Holm in 1955
April 29, 1917|
New York City, New York, U.S.
|Died||July 15, 2012
New York City, New York, U.S.
Cause of death
|Alma mater||University of Chicago|
A. Schuyler Dunning
(m.1961–1996; his death)
(m.2004–2012; her death)
|Celeste Holm Official Website|
Celeste Holm (April 29, 1917 – July 15, 2012) was an American stage, film and television actress.
Holm won an Academy Award for her performance in Gentleman's Agreement (1947), and was Oscar nominated for her roles in Come to the Stable (1949) and All About Eve (1950). She originated the role of Ado Annie in the Rodgers and Hammerstein musical Oklahoma! (1943).
Born and raised in Manhattan, Holm was an only child. Her mother, Jean Parke, was an American portrait artist and author; her father, Theodor Holm, was a Norwegian businessman whose company provided marine adjustment services for Lloyd's of London. Because of her parents' occupations, she traveled often during her youth and attended various schools in the Netherlands, France and the United States. She graduated from University High School for Girls in Chicago, where she performed in many school stage productions. She then studied drama at the University of Chicago before becoming a stage actress in the late 1930s.
Holm's first professional theatrical role was in a production of Hamlet starring Leslie Howard. She first appeared on Broadway in a small part in Gloriana (1938), a comedy which lasted for only five performances, but her first major part on Broadway was in William Saroyan's revival of The Time of Your Life (1940) as Mary L. with fellow newcomer Gene Kelly. The role that got her the most recognition from critics and audiences was as Ado Annie in the premiere production of Rodgers and Hammerstein's Oklahoma! in 1943.
After she starred in the Broadway production of Bloomer Girl, 20th Century Fox signed Holm to a movie contract in 1946. She made her film debut that same year in Three Little Girls in Blue, making a startling entrance in a “Technicolor red” dress singing “Always a Lady,” a belting Ado Annie-type song, although the character was different—a lady. In 1947 she won an Oscar and Golden Globe for Best Supporting Actress in Gentleman's Agreement. After another supporting role in All About Eve, however, Holm realized she preferred live theater to movie work, and only accepted a few select film roles over the next decade. The most successful of these were the comedy The Tender Trap (1955) and the musical High Society (1956), both of which co-starred Frank Sinatra. She starred as a professor-turned-reporter in New York City in the CBS television series Honestly, Celeste! (fall 1954) and was thereafter a panelist on Who Pays? (1959). She also appeared several times on ABC's The Pat Boone Chevy Showroom.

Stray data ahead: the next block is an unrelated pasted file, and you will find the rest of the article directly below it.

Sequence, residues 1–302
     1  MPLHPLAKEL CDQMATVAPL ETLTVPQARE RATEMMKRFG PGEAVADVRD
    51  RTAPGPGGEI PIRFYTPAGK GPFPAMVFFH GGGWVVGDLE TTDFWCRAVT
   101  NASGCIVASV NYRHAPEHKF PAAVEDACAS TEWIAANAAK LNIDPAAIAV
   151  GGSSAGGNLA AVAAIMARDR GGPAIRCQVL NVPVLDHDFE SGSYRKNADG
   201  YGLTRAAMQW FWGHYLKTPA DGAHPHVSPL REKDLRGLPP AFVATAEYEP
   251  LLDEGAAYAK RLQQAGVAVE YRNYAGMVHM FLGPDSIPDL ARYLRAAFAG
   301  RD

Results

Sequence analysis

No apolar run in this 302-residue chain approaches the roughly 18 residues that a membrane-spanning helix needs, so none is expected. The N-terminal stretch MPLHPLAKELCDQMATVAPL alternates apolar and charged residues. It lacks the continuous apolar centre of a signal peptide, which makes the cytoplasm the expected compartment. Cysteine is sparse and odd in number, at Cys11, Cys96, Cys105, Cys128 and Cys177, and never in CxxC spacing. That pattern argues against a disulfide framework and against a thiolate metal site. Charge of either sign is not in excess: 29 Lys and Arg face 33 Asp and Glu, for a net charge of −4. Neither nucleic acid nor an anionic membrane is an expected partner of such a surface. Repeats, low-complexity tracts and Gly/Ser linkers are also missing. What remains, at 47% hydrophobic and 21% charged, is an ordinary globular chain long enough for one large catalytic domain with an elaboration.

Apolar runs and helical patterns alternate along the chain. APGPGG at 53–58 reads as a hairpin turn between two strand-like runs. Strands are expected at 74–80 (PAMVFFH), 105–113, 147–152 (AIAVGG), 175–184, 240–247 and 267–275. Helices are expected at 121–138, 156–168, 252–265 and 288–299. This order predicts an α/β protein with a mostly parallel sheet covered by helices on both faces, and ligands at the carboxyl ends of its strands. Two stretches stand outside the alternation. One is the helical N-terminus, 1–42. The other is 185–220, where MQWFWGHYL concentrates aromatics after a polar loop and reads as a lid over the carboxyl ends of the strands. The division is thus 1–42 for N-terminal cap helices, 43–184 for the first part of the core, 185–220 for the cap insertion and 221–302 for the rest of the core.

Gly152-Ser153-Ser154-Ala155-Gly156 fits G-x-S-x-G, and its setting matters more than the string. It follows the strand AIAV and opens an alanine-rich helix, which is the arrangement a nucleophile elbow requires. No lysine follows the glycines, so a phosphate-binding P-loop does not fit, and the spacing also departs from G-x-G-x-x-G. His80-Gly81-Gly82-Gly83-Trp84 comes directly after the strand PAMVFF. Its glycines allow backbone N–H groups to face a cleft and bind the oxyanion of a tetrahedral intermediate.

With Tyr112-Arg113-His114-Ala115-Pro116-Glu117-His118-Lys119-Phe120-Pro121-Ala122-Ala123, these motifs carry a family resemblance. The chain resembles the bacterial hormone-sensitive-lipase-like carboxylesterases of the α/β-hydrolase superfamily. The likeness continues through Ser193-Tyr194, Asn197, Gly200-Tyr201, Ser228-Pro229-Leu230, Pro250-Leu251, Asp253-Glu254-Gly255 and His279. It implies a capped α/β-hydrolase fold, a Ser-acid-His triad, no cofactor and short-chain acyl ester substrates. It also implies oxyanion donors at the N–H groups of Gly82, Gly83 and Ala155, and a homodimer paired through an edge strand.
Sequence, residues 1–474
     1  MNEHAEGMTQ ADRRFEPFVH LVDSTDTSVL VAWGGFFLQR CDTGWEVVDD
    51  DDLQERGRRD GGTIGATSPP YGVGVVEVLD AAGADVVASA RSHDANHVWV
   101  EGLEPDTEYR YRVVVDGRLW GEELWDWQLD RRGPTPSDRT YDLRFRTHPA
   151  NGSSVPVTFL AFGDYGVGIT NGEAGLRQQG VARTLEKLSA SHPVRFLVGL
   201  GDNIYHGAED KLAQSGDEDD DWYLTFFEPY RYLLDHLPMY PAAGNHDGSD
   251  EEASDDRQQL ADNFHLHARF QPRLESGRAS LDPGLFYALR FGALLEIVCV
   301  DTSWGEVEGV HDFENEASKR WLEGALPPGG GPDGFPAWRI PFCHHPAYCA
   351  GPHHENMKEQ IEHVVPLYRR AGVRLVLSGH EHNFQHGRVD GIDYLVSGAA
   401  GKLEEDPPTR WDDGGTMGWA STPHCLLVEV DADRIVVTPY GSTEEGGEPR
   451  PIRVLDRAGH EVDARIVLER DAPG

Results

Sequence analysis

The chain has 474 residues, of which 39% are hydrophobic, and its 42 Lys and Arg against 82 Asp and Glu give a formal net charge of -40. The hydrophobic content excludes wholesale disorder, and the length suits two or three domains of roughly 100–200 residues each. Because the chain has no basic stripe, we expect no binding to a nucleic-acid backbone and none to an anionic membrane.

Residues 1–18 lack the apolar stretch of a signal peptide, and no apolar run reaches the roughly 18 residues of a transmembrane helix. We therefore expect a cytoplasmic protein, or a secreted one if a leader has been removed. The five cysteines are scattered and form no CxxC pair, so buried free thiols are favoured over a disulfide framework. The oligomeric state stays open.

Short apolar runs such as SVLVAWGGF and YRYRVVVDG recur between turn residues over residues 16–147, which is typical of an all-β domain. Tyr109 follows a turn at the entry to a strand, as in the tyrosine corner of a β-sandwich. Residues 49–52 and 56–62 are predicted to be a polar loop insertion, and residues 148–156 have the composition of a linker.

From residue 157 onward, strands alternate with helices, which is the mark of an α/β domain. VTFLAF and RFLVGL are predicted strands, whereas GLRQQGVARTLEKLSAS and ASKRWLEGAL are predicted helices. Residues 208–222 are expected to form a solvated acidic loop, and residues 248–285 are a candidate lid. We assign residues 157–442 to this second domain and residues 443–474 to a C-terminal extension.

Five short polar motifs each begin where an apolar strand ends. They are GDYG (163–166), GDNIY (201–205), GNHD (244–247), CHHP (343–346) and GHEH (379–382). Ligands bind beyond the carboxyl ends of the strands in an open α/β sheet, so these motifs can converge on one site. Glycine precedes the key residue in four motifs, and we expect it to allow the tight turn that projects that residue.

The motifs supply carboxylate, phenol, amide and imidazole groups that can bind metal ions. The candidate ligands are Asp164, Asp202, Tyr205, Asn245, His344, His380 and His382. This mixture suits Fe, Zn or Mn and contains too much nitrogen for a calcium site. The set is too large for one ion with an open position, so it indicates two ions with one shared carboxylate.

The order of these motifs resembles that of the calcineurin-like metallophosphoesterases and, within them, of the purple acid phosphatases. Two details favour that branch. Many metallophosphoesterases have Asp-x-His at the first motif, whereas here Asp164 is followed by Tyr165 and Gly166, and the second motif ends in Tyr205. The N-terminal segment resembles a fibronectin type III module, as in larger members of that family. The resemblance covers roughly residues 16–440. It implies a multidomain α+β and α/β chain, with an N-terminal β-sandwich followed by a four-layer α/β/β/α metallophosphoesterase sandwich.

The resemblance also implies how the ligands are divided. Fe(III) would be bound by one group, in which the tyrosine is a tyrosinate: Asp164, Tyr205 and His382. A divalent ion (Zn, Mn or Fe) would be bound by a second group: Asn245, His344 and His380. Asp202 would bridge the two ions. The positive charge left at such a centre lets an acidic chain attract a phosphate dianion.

In 1958, she starred as a reporter in an unsold television pilot called The Celeste Holm Show, based on the book No Facilities for Women. Holm also starred in the musical The Utter Glory of Morrissey Hall. In 1965, she played the Fairy Godmother alongside Lesley Ann Warren in the CBS production of Cinderella. In 1970–71, she was featured on the NBC sitcom Nancy, with Renne Jarrett, John Fink and Robert F. Simon. In the story line, Holm played Abby Townsend, the press secretary of the First Lady of the United States and the chaperone of Jarrett's character, Nancy Smith, the President's daughter. During the 1970s and 1980s, Holm did more screen acting, with roles in films such as Tom Sawyer and Three Men and a Baby, and in television series (often as a guest star) such as Columbo, The Eleventh Hour, Archie Bunker's Place and Falcon Crest. In 1979, she played the role of First Lady Florence Harding in the television mini-series, Backstairs at the White House. She was a regular on the ABC soap opera Loving, appearing first in 1986 in the role of Lydia Woodhouse and again as Isabelle Dwyer Alden #2 from 1991 to 1992. She last appeared on television in the CBS television series Promised Land (1996–99).
A life member of The Actors Studio, Holm received numerous honors during her lifetime, including the 1968 Sarah Siddons Award for distinguished achievement in Chicago theatre; she was appointed to the National Arts Council by then-President Ronald Reagan, appointed Knight, First Class of the Order of St. Olav by King Olav of Norway in 1979, and inducted into the American Theater Hall of Fame in 1992. She remained active for social causes as a spokesperson for UNICEF, and for occasional professional engagements. From 1995 she was Chairman of the Board of Arts Horizons, a not-for-profit arts-in-education organization.
Holm was a guest at the 2009 Mid-Atlantic Nostalgia Convention in Aberdeen, Maryland. Some of the movies in which she appeared were screened at the festival, and the un-aired television pilot for Meet Me in St. Louis was shown. She received an honorary award during the dinner banquet at the close of the event.
- Holm's first marriage was to Ralph Nelson in 1936. Their son, Internet pioneer and sociologist Ted Nelson (born 1937), was raised by his maternal grandparents. The marriage ended in 1939. In his 2010 memoir, Possiplex, her son, credited with coining the term “hypertext,” described this and other choices as “entirely the right decisions.” He reportedly did not name his mother in the book.
- Holm married Francis Emerson Harding Davies, an English auditor, on January 7, 1940. Davies was a Roman Catholic, and she was received into the Roman Catholic Church for the purposes of their 1940 wedding; the marriage was dissolved on May 8, 1945.
- From 1946 to 1952, Holm was married to airline public relations executive A. Schuyler Dunning, with whom she had a second son, businessman Daniel Dunning.
- From 1961 to 1996, she was married to actor Wesley Addy (1913–1996), until his death at age 83 in 1996.